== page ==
- They want to be “innovators”, leading their organizations to do things smarter, faster and better than anyone else. And they believe that they are the only ones who can do it. They want it all, and they want it now!
As Boomers and Xers, “realistic and pragmatic survivors” of the real business world, we have become skeptics and cynics in many regards. We have survived many social, economic, and political situations that the Millennials can’t even conceive of.
Although 60% of the future workforce will be Millennials, there are still plenty of Boomers and Gen-Xers in management positions who will do the hiring. It is best for us all to figure out how to work together through a collaborative approach thus, the Collaborative Informed Consent process.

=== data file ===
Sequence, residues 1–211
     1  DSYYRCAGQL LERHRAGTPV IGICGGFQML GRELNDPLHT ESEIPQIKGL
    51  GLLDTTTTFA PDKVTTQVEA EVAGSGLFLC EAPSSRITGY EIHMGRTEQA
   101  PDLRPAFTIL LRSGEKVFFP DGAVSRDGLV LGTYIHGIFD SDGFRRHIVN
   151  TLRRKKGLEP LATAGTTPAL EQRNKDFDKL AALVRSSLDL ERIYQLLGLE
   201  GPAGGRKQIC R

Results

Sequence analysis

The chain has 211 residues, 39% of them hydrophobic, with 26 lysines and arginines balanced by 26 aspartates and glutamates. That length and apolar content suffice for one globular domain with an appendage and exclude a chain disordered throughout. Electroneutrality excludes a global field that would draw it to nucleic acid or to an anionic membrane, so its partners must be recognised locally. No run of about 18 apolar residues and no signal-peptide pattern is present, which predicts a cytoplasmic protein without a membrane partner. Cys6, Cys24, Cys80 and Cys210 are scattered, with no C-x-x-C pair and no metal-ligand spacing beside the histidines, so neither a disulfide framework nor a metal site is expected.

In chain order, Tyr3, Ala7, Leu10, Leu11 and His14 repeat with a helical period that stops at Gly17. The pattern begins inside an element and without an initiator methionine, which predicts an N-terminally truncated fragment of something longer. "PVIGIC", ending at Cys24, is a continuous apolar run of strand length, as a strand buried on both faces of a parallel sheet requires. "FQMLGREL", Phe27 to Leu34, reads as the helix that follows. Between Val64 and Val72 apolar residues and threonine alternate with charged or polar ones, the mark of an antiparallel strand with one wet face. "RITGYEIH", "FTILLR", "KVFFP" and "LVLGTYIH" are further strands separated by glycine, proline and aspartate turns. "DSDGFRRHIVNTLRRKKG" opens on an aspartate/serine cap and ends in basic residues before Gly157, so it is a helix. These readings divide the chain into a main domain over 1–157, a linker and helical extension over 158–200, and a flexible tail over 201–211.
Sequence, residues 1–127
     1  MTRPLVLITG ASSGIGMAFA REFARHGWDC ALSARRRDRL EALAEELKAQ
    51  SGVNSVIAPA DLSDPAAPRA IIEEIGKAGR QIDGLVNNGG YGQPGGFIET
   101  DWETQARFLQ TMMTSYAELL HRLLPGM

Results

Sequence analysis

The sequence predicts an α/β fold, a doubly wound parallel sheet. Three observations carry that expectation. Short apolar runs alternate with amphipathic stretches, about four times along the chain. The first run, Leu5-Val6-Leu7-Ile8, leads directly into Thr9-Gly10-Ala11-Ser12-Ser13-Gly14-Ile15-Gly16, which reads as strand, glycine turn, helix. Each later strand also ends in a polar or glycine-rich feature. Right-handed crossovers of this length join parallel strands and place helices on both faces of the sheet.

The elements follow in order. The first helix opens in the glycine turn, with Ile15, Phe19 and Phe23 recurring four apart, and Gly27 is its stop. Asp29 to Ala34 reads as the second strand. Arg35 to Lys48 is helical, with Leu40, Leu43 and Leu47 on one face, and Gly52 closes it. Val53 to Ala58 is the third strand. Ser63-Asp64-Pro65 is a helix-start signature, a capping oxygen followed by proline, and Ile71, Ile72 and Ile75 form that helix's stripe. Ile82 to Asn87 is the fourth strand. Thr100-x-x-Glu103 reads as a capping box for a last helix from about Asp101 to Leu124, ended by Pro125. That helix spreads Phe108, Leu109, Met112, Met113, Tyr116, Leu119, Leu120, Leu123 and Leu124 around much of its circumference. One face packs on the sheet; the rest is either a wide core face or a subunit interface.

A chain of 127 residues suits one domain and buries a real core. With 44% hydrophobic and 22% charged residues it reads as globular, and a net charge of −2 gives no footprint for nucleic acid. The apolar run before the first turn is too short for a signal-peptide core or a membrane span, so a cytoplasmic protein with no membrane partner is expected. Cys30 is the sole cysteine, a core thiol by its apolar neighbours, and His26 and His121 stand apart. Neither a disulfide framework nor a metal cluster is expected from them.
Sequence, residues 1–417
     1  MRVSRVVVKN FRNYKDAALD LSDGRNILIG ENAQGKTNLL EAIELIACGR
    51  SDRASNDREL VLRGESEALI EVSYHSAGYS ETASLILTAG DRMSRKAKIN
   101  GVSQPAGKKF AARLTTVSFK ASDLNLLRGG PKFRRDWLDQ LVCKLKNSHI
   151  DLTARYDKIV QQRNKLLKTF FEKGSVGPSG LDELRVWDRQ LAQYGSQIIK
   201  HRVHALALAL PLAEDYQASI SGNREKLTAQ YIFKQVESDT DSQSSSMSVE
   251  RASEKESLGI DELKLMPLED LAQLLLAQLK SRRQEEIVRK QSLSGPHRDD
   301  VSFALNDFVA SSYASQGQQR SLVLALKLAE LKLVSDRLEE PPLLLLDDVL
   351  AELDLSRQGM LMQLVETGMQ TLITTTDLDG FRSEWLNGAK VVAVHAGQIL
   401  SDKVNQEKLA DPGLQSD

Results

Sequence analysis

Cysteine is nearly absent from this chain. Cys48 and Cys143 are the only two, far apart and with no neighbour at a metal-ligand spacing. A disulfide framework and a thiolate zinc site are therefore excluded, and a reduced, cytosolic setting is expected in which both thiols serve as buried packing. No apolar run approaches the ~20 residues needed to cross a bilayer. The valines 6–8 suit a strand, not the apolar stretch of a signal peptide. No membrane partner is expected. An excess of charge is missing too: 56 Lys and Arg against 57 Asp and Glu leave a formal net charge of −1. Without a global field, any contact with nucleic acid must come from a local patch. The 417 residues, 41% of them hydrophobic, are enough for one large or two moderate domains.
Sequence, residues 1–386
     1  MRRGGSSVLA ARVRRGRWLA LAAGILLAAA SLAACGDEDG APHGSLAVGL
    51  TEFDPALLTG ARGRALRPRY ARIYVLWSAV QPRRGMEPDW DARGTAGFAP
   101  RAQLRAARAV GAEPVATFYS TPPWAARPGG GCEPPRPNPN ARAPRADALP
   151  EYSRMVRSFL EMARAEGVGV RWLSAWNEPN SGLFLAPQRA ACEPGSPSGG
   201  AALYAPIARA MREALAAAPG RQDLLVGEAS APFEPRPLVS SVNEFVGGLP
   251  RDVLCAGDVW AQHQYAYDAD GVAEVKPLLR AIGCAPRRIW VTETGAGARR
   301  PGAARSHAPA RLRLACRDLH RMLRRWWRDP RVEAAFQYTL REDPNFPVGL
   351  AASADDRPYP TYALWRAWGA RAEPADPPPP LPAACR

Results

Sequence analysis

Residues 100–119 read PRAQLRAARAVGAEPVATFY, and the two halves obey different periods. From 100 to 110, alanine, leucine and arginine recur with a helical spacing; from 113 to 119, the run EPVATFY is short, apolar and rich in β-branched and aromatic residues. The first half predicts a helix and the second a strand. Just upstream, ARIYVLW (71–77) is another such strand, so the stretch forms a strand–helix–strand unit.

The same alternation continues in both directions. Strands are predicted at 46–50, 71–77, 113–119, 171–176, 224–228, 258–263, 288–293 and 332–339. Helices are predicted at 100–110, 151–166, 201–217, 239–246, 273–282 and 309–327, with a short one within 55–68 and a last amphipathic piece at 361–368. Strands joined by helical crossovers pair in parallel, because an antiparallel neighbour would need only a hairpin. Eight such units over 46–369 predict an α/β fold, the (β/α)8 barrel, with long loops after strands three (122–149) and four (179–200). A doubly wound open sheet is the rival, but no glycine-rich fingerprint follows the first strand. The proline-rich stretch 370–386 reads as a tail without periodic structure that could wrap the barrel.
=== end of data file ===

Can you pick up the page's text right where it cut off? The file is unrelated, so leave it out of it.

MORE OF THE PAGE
On the positive side, Millennials can be:
- True believers in organizations and businesses where they work, if they see opportunities to accomplish “their needs and meet their ambitions”. Ambition is good. The flip side of this is that they believe they know much more about their (and often your) field of expertise than you do and will continually search and research different approaches, consultants and “experts” on the Internet for you.
- Desirous of global work experience – they cherish such experience but remember that they will often need to be coached and counseled in diplomacy and process.
- Technology savvy. They embrace the available gigabytes of processing power and interconnectivity because it affords channels of technological collaboration.